As He contemplated His impending trial and execution, Jesus prayed to His Heavenly Father: “Father, the hour has come; glorify your Son that the Son may glorify you” (John 17:1). Later the same night He prayed again, “O My Father, if it is possible, let this cup pass from Me; nevertheless, not as I will, but as You will” (Matt. 26:39). These two prayers remind us of, “the sufferings of Christ, and the glories that would follow” (1 Pet. 1:11). In God’s Divine plan, suffering always precedes glory.
Jesus knew the suffering that He would endure as a perfect sacrifice for sin (2 Cor. 5:21), and in the words of the Hebrews writer He, “despised the shame,” that He would soon endure (Heb. 12:2). Thus, His two prayers immediately prior to the cross demonstrate two concerns: first, a desire to glorify God by accomplishing His will, and second, a desire to explore any other possible solution to satisfy God’s justice: “Let this cup pass from me.” However, since no other avenue for our justification was possible, Jesus obediently submitted to His Father’s will. Now that His suffering is finished, consider several ways in which Christ is glorified in the cross.
At the cross, He became the only solution to sin. God so loved the world that He gave His only begotten Son (John 3:16). The sacrifice of Jesus is the ONLY solution to the problem of sin: “He takes away the sin of the world” (John 1:29). God reconciled us to Himself through the body and blood of Christ (Col. 1:20-22). It was impossible for the blood of mere bulls and goats to take away sin (Heb. 10:4). Moral law-keeping is good, but the keeping of the law could never undo the effects of even one sin (Jas. 2:10-11). The fact that Jesus prayed, “Let this cup pass,” and yet still went to the cross forever confirms that there is but one solution to the problem of sin: the blood of Christ (Rev. 1:5).
At the cross, He demonstrated perfect obedience. Jesus always did His Father’s will, no matter what: “I always do those things that please Him” (John 8:29). He had taught His disciples to pray, “May Your will be done on earth as it is in heaven” (Matt. 6:10), and so in the Garden He prayed, “Not as I will, but as You will” (Matt. 26:39). Jesus was utterly without sin: “Who committed no sin, nor was deceit found in His mouth.” He was, “in all points tempted as we are, yet without sin” (Heb. 4:15b). Jesus epitomized His own instruction to the church in the book of Revelation: “Be faithful until death, and I will give you the crown of life” (Rev. 2:10). A disciple of Jesus who desires the glory of God will do what Christ did: make God’s will the priority in all the choices and decisions of life, even if those choices might result in suffering or death (Phil. 1:21).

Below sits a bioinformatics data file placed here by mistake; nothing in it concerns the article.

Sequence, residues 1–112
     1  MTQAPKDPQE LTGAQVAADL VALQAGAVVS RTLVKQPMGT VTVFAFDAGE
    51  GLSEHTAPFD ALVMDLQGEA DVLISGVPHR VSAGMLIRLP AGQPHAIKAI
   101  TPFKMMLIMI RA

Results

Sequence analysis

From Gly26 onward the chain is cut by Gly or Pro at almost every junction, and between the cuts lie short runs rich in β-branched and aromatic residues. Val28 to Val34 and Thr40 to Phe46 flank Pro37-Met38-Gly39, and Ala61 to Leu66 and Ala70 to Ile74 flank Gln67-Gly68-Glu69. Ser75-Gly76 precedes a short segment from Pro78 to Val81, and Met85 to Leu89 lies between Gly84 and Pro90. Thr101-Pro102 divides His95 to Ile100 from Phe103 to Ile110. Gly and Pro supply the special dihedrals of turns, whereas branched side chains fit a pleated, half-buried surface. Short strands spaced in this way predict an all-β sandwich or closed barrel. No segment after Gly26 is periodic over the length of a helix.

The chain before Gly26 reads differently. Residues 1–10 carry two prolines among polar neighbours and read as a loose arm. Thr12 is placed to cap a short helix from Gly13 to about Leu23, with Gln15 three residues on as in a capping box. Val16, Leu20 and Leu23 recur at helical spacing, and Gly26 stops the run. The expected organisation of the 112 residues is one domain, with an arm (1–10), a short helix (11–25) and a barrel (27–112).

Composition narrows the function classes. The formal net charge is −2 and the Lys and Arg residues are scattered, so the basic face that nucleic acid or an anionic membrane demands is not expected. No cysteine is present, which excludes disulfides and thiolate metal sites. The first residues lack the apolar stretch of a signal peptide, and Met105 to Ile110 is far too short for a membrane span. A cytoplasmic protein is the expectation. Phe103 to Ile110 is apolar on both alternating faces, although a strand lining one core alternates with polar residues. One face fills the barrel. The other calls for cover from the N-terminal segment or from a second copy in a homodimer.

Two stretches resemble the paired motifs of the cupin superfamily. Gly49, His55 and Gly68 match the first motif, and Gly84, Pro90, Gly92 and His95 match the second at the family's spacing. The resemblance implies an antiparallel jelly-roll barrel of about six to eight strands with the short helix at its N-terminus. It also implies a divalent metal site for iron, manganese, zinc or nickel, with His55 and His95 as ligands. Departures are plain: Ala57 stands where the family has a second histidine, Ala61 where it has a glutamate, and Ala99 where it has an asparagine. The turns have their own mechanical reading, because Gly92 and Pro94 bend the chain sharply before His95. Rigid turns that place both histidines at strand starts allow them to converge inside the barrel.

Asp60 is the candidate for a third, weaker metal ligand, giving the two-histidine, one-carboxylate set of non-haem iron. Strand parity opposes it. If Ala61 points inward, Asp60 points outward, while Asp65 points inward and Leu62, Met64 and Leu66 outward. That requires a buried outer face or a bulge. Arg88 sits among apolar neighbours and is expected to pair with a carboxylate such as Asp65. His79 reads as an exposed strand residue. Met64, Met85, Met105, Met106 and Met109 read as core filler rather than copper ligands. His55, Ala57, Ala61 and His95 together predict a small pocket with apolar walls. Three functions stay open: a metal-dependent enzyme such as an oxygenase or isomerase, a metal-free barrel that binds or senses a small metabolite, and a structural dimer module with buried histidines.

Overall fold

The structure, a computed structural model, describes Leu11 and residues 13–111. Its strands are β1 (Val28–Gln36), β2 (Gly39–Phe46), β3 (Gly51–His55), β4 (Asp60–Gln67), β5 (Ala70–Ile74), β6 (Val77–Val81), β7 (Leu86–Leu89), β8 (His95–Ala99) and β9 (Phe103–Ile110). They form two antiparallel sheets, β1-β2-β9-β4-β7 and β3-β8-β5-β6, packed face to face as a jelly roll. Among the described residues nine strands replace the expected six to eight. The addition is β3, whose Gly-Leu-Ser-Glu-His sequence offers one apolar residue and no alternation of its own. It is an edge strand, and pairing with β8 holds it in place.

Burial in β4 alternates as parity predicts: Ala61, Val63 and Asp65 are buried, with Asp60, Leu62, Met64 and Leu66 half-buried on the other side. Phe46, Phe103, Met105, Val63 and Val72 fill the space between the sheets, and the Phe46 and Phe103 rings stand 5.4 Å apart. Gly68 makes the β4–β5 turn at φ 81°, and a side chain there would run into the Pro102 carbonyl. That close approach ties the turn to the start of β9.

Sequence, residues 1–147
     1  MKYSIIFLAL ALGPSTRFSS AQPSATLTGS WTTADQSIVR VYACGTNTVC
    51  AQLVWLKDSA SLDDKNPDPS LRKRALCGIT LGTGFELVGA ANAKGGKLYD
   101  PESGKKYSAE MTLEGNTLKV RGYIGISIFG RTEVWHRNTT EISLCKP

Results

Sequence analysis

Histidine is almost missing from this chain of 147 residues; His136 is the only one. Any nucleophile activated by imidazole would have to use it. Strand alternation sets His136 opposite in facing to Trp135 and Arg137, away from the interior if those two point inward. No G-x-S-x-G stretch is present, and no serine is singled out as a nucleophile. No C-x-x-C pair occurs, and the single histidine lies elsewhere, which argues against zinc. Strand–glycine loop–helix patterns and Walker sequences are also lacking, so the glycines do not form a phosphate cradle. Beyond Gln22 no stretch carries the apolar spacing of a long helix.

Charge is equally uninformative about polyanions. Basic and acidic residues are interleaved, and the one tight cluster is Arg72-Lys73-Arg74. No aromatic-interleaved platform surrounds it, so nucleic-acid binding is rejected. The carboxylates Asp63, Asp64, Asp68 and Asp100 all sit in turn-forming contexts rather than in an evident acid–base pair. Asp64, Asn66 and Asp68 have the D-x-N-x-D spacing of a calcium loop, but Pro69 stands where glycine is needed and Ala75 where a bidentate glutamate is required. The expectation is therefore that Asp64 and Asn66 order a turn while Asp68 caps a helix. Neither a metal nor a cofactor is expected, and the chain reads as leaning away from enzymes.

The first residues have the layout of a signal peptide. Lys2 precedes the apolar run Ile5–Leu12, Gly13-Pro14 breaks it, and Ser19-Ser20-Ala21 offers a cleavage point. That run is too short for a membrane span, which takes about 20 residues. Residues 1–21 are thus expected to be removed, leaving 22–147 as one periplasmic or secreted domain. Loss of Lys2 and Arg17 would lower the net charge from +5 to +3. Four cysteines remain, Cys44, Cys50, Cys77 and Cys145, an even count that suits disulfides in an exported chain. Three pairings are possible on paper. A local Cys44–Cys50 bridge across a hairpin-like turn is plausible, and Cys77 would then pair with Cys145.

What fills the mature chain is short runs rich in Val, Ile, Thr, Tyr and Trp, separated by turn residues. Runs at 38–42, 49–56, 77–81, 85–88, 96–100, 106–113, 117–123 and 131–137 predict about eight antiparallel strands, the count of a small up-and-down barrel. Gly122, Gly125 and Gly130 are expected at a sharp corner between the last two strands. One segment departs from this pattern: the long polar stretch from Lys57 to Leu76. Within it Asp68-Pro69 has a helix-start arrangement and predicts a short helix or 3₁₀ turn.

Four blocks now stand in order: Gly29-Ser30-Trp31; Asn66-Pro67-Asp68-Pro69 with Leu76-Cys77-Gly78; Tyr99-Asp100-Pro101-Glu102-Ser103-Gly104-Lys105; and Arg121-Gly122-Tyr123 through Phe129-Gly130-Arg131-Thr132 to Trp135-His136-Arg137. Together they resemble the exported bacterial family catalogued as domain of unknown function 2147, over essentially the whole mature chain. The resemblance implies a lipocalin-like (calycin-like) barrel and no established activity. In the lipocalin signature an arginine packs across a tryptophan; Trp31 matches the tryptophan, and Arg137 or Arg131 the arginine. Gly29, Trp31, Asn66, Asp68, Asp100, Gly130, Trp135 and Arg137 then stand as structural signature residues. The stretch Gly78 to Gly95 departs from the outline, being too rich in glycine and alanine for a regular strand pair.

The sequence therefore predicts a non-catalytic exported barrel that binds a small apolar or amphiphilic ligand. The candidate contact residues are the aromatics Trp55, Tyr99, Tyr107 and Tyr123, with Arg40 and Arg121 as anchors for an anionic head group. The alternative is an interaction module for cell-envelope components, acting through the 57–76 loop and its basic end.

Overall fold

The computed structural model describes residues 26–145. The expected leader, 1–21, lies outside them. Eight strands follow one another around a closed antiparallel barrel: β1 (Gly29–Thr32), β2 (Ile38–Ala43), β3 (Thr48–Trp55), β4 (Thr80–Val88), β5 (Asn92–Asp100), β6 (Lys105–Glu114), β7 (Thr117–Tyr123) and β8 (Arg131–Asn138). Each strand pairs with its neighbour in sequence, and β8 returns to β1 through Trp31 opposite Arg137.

At the cross, He paid an infinite debt. Jesus prayed, “If it is possible…” (Matt. 26:39). He came to redeem us from the wages of sin, and in so doing Jesus paid a debt that we could NEVER pay (1 Pet. 1:18-20; Rom. 6:23). He came to rescue us from what He describes as, “everlasting punishment” (Matt. 25:46). The reason hell is eternal in nature is because anything less than eternal punishment would mean that WE could somehow satisfy God’s justice by serving a merely temporary sentence. If we could satisfy God’s justice by either being annihilated or by “serving time” to pay for our transgressions in hell, then Christ died in vain. His death on the cross validates the reality and eternal nature of hell (Matt. 25:30, 41, 46).
At the cross, He modeled full trust in God. What a great comfort to know that our Heavenly Father wants to hear from us continually (1 Thess. 5:17). Of greater consolation still is the knowledge that He desires us to cast all our cares upon Him (1 Pet. 5:7). Jesus Christ could face the cross confidently and obediently because He had already poured out His heart and soul to God in prayer (cf. Phil. 4:6-7). The Hebrews writer comments on the prayerfulness of Jesus as well:
Who, in the days of His flesh, when He had offered up prayers and supplications, with vehement cries and tears to Him who was able to save Him from death, and was heard because of His godly fear, though He was a Son, yet He learned obedience by the things which He suffered (Heb. 5:7-8).
God is able and willing to remove some difficulties from life, but many other difficulties must be endured with the strength and grace He provides (2 Cor. 12:7-10). No matter the trial, God bids us to cast our concerns and cares upon Him.
Thank God for Jesus Christ, who is glorified by the work He accomplished at the cross.